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Cleveland vacant home a hazard to school children, residents wonder why city hasn't taken action

Posted: 10:51 PM, Mar 21, 2019
Updated: 2019-03-22 02:51:02Z
CLE vacant home a hazard to school children, residents wonder why city hasn't taken action
CLE vacant home a hazard to school children, residents wonder why city hasn't taken action
CLE vacant home a hazard to school children, residents wonder why city hasn't taken action
CLE vacant home a hazard to school children, residents wonder why city hasn't taken action

CLEVELAND — Joan Peterson has lived in her west side Cleveland neighborhood for 26 years and now reports a vacant home next-door has been jeopardizing the safety of school children since 2016.

According to city building inspection records, the home was condemned in Jan. 2017 with 13 code violation issued to the owner in Aug. 2016, still the house is not on the city demolition list.

in the past few weeks Peterson reports one entire basement wall at the home collapsed, leaving a gaping hole to the debris filled basement floor eight feet below.

Peterson said dozens of school children from Denison Elementary walk past the home every school day.

"Well there's kids that play on the street and they're not supervised," Peterson said.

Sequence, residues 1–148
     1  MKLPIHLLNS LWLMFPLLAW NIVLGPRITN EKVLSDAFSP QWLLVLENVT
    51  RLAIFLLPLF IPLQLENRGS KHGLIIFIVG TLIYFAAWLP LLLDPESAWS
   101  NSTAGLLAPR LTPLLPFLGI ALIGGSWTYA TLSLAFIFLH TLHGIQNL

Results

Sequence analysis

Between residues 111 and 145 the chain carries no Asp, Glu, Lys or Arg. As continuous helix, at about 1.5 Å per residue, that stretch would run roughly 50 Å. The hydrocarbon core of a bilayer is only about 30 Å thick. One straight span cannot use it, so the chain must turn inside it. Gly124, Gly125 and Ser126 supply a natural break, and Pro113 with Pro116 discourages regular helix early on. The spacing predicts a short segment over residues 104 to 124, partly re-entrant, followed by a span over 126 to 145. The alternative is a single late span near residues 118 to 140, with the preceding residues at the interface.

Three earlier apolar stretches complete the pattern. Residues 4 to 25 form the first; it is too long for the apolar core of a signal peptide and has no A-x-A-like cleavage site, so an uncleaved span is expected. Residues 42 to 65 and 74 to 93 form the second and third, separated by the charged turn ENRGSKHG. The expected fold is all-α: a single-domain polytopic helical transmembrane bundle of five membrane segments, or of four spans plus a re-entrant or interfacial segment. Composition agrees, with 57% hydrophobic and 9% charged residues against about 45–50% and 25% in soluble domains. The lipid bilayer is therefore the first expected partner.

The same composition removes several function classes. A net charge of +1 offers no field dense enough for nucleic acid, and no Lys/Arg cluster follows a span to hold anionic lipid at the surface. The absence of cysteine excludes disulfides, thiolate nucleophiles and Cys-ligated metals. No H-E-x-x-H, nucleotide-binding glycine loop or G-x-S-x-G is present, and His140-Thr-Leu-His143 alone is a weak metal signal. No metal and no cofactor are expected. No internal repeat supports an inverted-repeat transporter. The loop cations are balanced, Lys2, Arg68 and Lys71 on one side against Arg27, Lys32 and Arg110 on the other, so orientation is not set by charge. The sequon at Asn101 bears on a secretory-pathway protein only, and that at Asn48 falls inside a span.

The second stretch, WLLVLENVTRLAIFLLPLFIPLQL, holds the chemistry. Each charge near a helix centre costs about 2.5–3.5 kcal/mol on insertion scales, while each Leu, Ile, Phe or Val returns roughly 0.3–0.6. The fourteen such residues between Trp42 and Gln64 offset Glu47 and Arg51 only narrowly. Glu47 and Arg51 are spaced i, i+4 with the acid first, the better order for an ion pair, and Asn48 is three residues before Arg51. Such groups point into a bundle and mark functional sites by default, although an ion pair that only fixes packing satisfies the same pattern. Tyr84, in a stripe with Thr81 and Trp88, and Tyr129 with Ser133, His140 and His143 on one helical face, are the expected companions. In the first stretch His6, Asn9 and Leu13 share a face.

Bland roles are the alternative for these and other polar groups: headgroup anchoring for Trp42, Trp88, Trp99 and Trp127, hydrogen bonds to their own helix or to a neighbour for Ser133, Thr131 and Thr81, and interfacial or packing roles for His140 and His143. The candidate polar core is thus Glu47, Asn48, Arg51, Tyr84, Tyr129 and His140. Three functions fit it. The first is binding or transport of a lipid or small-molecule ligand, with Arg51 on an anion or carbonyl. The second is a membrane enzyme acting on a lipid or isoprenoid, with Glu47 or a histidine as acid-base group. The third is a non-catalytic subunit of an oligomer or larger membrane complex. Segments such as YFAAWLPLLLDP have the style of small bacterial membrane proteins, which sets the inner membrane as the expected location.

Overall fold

"They go running around the back yard, this is an abandoned house."

"I'm scared they're going to fall in there, especially smaller kids, if there's somebody not walking with them."

Peterson said she called multiple city agencies concerning the home, but was given little response.

"I called everybody, I've been calling for three or four years now," Peterson said.

"It doesn't seem like they think it's important."

According to city records, the house is owned Pauline Urban,and is more than $19,000 behind in property taxes.

News 5 called Urban about her property, but our calls were not returned.

Cleveland Housing Court Judge Ron O'Leary vowed to look into the case and told News 5 if housing code violations are not submitted to the prosecutors office, the owner can't be held accountable in court.

Meanwhile, residents like Joan Peterson are left to live with a hazard in their neighborhood.

"Because I've been waiting for it to be condemned, and then they said they were doing it all over again," Peterson said.

"So then I thought it was going to be another two or three years."